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Continental Philosophy Review 34: 403418, 2001.

2001 Kluwer
Academic
Publishers.
Printed in: the
Netherlands.
MUSING
WITH
KIERKEGAARD
HEIDEGGER
S BESINNUNG

403

Musing with Kierkegaard: Heideggers Besinnung


GEORGE J. SEIDEL
Department of Philosophy, Saint Martins College, Lacey, WA 98503-1297, USA
E-mail: gseidel@stmartin.edu

Abstract. The article deals with the recently published Besinnung, a work dating from 1938
1939, one among the unpublished treatises in Part III of Heideggers Gesamtausgabe. It
follows the Beitrge zur Philosophie (Vom Ereignis) (19361938), taking up the same themes
as that work, such as the last God, the first and the other beginning, etc. But whereas the earlier
work, especially the notion of the last God, relates more to Schelling, this one muses on
Kierkegaard. The article sets Besinnung within the context of related works of the same period, not only the Beitrge but also Metaphysik und Nihilismus and Geschichte des Seyns.
However, Besinnung also breaks new ground, finding a deeper ontological distinction between
Seyn and Sein as the basis for the earlier ontological difference between being and beings.
The work is part and parcel with Heideggers destructuring of metaphysics, which he sees as
really a freeing up of the beginning, as also the issue of onto-theology. Thus it is integral with
Heideggers program of getting God out of metaphysics and being out of theology. It is in
virtue of the meaning he attaches to Seyn (Logos) in Da-sein that it is possible for him not
only to retrieve the meaning of the other beginning, the en-owning (Er-eignis) of Da-sein,
and with it the meaning of the first beginning (in the two senses the phrase has in this work),
but also thereby to recover the forgotten meaning of being (Sein). The approach to Seyn, with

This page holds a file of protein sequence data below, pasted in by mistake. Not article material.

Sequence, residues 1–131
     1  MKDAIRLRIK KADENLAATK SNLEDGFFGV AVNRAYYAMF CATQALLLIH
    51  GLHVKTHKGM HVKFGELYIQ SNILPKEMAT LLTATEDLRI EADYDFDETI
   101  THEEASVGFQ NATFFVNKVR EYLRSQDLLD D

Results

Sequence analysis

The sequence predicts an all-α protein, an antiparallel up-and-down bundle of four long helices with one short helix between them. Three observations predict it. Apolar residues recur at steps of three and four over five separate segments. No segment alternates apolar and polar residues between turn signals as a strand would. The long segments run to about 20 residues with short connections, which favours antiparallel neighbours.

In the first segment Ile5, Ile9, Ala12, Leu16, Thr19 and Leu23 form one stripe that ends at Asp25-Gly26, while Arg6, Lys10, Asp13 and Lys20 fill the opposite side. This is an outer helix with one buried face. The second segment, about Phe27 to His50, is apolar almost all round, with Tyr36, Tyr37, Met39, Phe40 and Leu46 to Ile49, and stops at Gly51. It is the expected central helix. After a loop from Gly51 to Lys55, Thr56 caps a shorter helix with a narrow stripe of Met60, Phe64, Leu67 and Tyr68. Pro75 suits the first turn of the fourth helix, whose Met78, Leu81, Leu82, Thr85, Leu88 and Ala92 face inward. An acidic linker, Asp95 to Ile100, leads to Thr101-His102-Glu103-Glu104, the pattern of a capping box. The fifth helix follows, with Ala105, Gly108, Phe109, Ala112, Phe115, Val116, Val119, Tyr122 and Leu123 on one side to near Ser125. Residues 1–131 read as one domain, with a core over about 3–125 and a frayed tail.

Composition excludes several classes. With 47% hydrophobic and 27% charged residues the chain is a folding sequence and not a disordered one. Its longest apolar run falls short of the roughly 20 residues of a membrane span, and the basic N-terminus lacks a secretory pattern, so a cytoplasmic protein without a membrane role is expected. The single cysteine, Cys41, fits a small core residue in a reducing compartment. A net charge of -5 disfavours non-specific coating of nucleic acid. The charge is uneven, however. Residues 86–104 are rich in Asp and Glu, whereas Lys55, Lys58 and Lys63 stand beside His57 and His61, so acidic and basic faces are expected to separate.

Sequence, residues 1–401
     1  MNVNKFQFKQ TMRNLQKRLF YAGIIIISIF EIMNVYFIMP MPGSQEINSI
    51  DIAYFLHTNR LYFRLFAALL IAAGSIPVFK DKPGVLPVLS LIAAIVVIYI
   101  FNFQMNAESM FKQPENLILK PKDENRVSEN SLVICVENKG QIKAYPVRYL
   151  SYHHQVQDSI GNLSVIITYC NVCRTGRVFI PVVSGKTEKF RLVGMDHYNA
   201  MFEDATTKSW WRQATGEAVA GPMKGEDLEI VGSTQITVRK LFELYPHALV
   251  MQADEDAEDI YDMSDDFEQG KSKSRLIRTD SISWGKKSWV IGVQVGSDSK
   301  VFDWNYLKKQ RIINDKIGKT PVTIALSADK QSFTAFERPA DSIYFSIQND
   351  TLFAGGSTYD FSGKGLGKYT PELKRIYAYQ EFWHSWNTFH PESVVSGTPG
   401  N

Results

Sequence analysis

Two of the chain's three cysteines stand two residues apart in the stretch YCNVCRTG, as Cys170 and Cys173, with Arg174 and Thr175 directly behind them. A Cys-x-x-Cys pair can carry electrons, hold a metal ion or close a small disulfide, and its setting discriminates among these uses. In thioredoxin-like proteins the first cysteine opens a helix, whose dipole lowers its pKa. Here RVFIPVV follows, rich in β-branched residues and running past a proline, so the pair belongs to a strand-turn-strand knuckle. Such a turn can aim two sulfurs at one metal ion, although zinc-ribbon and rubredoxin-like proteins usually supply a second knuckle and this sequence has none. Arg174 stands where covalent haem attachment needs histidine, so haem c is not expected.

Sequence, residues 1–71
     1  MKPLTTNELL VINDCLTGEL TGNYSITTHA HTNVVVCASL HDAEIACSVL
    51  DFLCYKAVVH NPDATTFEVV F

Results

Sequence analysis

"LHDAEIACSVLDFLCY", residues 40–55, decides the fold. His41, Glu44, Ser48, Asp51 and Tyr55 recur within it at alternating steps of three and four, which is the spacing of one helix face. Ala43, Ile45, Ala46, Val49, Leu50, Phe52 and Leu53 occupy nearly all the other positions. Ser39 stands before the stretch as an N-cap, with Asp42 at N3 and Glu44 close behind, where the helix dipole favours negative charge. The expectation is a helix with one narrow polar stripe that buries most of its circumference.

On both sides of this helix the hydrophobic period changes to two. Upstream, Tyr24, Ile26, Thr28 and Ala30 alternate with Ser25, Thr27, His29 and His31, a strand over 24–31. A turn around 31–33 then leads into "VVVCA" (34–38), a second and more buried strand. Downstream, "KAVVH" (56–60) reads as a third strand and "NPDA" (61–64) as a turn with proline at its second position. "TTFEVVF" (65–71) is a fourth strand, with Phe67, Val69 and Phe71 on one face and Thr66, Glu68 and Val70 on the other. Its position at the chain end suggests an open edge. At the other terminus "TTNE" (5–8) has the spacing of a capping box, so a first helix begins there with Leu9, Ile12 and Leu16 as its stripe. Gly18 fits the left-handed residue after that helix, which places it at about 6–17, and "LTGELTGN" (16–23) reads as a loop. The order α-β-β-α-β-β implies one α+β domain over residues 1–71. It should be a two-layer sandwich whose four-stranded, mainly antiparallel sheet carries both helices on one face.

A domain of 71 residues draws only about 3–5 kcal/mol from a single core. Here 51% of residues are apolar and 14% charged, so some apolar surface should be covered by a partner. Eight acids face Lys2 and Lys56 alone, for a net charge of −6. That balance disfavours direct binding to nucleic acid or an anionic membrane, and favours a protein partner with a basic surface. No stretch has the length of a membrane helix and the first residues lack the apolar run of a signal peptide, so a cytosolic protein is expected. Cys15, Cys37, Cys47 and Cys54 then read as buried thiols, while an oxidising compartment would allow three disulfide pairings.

Kierkegaard, is not through the thinking (Denken) that thinks being, which cannot really get
beyond beings and/or the Supreme Being of metaphysics, but through a thinking, a musing,
that thinks through to (Er-denkt) Seyn. The article concludes with some reflections on the
significance of Heidegger as theo-logian.

Heideggers Besinnung is set within Part III of the Gesamtausgabe, unpublished treatises, of which his Beitrge zur Philosophie (Vom Ereignis) is the
first in this series of works. The Beitrge dates from 19361938,1 a work
Heideggers brother Fritz pronounced unfinished.2 Indeed, it could hardly
be otherwise, given the position Heidegger takes in the Beitrge, namely that
The period of the system is over,3 as also in terms of the view he takes
regarding metaphysics in Besinnung and in other works from the same period.4 In Besinnung, dating from the years 19381939, Heidegger will continue
with many of the same issues enunciated earlier in the Beitrge, among them
the theme of the last God, which may appropriately be termed Heideggers
Christology.5

404

GEORGE J. SEIDEL

At the end of Besinnung, Heidegger looks back on the path his thought has
taken. All along the way, he says, there has been a dialogue with Christianity,
since he grew up rooted in a Catholic world in which the faith was practised.
Though he notes that he was also exposed to Protestant Christianity when at
Marburg. He insists that he is not so much interested in dogmatics or in articles of faith as in the question whether God goes before us or not, whether we
experience this creative reality (Besinnung, 415; henceforth B, with page
numbers in the text). The one and only question, in his view, is concerning
the glory (Herrlichkeit) of Da-sein, as over against the current paralysis, and
for the restoration of Seyn as future or the flight of the last God (B, 428).6
Although there are references to the events current in the Germany of the period
in Besinnung,7 Heidegger would caution against a psychological or biographical interpretation of the work, as he also warns against such a reading of the
Beitrge (B, 427), in which there are even more allusions to the events of the
time.